Small businesses are an important part of the American economy. According to the National Federation of Independent Business (NFIB), they supply roughly 55 percent of all jobs in the private sector, and they generate about half of all privately generated Gross Domestic Products (GDP), according to some estimates. There are over 27 million small businesses in the United States. They can be self-employed, home-based, Internet-based, and owned by men, women, and minorities, producing a very broad range of innovative products and services. Yet they continue to struggle in securing financing to start or grow their businesses.Small businesses have always relied on commercial banks for business loans. The increase in bank consolidations has resulted in larger banks, making it more difficult for the small business owner to secure funding for their business. Since more than 60% of small businesses rely on credit lines and loans, and the bulk of this financing comes from the banking sector, small businesses are increasingly looking for more sources to fund their businesses.The good news is that there are many other sources available for small business owners, including government-backed loans, and grants. The major difference between the two is that loans need to be repaid; grants do not. However, the U.S. government, recognizing the important role that small businesses play in our national economy, recently announced the availability of interest-free ARC loans. Grants and ARC loans offer two additional sources for small business funding that are worth investigating.Business GrantsGrants are not loans. Grants are free money that does not have to be repaid. Government grants are offered only to local and state, educational, and public housing organizations, and non-profits, and do not apply to start-ups. In addition, the government may offer some specialized grants to companies engaged in environmental efforts like energy efficiency and recycling, as well as businesses that train youth and senior citizens on the latest technology. That’s why they are referred to as “special purpose grants.” So, where do other small businesses go for grant money?Grants are available from local government agencies and private corporations and organizations. Some of the private sources include trusts and foundations such as the Gates Foundation, the Lilly Endowment, Ford Foundation, Hasbro Industries Charitable Trust, W. K. Kellogg Foundation, the Kipling Foundation, Clorox Company, Allstate Foundation, and International Paper Company. Each source has their guidelines on what type of business will qualify for grant money, and the business owner must meet the criteria. Grant money can be as small as $500 or as large as $5 million. The application process is long and tedious, requiring the applicant to present a solid business plan. The competition for grants is keen with no guarantee that the applicant will receive the money. But for small businesses who qualify and are willing to tough it out in order to get free money, it is worth it.ARC LoansBusiness loans in general differ from grants in that they need to be repaid, with interest. In addition, grants are based on the presentation of a well-written business plan, while loans are based on credit scores and often require collateral.Recently, however, the U.S. government announced a new program of interest-free loans called ARC (America’s Recovery Capital) loans, an extension of the 2009 Recovery Act, offered through the U.S. Small Business Administration (SBA). ARC loans provide up to $35,000 (one time only) of interest-free money specifically to small business owners to help them pay down debt on other loans. In essence, it buys them time to get back on their feet. The loans are available until September 30, 2010, or until the funds are depleted (only 10,000 loans are available), and are offered through SBA lenders only. SBA pays the fee to the lenders; the borrower pays back only the principal. Other specifics on ARC loans include:* Only private, for-profit enterprises up to 500 employees are eligible; non-profits are not eligible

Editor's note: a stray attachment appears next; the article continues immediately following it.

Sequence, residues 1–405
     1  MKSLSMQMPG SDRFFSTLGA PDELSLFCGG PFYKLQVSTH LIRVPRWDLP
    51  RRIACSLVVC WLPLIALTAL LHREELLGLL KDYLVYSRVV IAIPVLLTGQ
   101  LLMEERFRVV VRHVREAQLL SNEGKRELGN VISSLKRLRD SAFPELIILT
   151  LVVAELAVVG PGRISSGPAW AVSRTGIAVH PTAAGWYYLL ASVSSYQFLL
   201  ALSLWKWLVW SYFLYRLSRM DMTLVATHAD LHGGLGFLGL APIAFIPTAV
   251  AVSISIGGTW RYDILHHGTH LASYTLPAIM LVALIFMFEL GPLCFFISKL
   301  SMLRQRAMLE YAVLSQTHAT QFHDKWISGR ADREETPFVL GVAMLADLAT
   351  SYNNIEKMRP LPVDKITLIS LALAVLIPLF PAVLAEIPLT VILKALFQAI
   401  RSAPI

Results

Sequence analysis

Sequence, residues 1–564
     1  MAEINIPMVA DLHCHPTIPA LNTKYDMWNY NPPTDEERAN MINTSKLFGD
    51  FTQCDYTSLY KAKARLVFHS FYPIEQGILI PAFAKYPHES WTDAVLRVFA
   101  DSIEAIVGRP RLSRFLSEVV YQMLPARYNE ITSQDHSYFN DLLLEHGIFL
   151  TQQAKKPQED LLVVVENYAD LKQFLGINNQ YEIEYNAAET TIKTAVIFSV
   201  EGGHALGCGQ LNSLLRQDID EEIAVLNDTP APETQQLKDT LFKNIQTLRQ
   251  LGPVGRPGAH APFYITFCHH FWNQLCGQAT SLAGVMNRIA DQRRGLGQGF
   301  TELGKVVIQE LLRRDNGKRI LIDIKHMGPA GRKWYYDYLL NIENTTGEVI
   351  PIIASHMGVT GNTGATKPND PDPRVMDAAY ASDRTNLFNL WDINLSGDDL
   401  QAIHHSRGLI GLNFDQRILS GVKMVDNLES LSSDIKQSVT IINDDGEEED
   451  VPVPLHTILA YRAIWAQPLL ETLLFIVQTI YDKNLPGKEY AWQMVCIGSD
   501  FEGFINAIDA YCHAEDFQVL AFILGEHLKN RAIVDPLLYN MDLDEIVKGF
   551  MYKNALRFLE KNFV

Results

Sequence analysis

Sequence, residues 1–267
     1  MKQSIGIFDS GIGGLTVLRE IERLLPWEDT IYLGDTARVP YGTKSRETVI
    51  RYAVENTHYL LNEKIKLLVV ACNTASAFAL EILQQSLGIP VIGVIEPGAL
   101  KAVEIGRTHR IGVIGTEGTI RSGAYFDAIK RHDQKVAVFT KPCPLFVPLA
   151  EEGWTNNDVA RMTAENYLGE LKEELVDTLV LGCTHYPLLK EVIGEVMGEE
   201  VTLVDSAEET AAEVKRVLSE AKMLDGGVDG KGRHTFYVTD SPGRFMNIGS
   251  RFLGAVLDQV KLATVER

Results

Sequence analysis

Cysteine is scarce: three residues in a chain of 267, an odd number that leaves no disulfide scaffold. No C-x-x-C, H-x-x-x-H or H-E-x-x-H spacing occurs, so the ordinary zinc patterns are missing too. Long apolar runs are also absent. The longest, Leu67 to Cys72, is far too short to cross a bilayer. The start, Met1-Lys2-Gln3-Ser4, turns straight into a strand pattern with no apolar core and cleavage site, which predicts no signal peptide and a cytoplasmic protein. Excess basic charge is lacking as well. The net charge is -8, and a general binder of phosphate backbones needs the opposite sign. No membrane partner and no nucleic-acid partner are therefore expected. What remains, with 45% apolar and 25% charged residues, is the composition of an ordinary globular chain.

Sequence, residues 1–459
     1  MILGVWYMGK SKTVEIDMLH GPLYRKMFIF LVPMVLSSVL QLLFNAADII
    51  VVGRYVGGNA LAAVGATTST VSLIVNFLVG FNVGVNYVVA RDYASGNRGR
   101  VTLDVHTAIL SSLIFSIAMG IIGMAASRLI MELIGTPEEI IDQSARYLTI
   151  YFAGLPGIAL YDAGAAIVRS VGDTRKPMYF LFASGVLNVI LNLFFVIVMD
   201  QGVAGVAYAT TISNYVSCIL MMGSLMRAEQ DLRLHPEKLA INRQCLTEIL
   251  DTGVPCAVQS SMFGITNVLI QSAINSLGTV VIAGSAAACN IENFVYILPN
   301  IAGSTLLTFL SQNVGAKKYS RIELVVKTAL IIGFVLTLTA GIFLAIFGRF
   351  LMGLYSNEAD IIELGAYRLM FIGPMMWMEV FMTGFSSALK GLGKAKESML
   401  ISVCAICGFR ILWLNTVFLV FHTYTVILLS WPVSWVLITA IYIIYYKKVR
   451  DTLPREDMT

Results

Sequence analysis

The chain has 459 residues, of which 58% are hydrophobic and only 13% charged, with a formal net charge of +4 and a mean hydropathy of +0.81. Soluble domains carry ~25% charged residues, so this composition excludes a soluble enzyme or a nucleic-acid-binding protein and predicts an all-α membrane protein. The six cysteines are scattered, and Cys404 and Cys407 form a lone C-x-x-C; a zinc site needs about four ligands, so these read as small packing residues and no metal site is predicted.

* Business must be at least two years old
* Business must demonstrate an immediate financial hardship
* Loan money can only be used to pay off existing outstanding small business debt
* Loan money is paid out to the borrower over a six month period
* Repayment of the principal begins after the last loan disbursement is received
* Borrower has up to five years to repay the loan principalThe new ARC loans offer both advantages and disadvantages. The advantages include instant cash flow improvement, more money to re-invest in the business, and more time to restructure the business and position it for future success. For some small businesses, it is just what they need to survive. For others, the disadvantages include the strict criteria for qualification and use of ARC loan money. In addition, unlike grant money that does not have to be repaid, ARC loans need to be repaid. So, a small business owner who meets the qualifications must present a solid business plan that convinces the SBA lender they will be in a position to repay the loan within the time period allotted. That is the risk for the borrower, the lender, and the SBA who is guaranteeing the new ARC loans.ARC loans are not for everyone. However, they may be just the solution needed to save some small business owners.